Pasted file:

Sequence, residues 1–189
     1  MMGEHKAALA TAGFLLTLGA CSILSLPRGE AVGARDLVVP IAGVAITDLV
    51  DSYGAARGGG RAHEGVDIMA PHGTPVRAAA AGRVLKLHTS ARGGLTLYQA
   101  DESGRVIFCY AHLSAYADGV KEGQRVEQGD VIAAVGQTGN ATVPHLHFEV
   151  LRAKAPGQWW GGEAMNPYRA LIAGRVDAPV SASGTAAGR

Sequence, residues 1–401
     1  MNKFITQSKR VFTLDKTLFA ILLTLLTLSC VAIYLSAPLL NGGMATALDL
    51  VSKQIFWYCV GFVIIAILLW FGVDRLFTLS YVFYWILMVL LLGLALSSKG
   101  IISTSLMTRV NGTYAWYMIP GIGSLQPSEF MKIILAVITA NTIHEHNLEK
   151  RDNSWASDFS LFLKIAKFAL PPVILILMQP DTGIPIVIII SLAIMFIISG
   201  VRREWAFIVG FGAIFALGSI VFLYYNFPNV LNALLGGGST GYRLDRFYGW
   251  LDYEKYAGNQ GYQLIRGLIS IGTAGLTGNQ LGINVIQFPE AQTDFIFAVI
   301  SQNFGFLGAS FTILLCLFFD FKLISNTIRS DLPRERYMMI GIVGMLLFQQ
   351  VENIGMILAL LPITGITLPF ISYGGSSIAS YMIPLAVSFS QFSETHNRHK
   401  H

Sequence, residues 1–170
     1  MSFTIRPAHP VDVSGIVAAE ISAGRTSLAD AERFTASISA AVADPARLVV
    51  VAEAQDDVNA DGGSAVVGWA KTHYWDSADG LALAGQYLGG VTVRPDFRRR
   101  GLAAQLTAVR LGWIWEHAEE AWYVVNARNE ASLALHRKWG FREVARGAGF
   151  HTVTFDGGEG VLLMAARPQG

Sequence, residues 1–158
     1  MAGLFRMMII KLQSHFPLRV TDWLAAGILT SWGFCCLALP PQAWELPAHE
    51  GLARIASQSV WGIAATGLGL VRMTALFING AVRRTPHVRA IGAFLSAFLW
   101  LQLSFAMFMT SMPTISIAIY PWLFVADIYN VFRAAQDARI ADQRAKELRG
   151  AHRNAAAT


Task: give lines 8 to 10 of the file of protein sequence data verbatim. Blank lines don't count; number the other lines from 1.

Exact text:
    51  VSKQIFWYCV GFVIIAILLW FGVDRLFTLS YVFYWILMVL LLGLALSSKG
   101  IISTSLMTRV NGTYAWYMIP GIGSLQPSEF MKIILAVITA NTIHEHNLEK
   151  RDNSWASDFS LFLKIAKFAL PPVILILMQP DTGIPIVIII SLAIMFIISG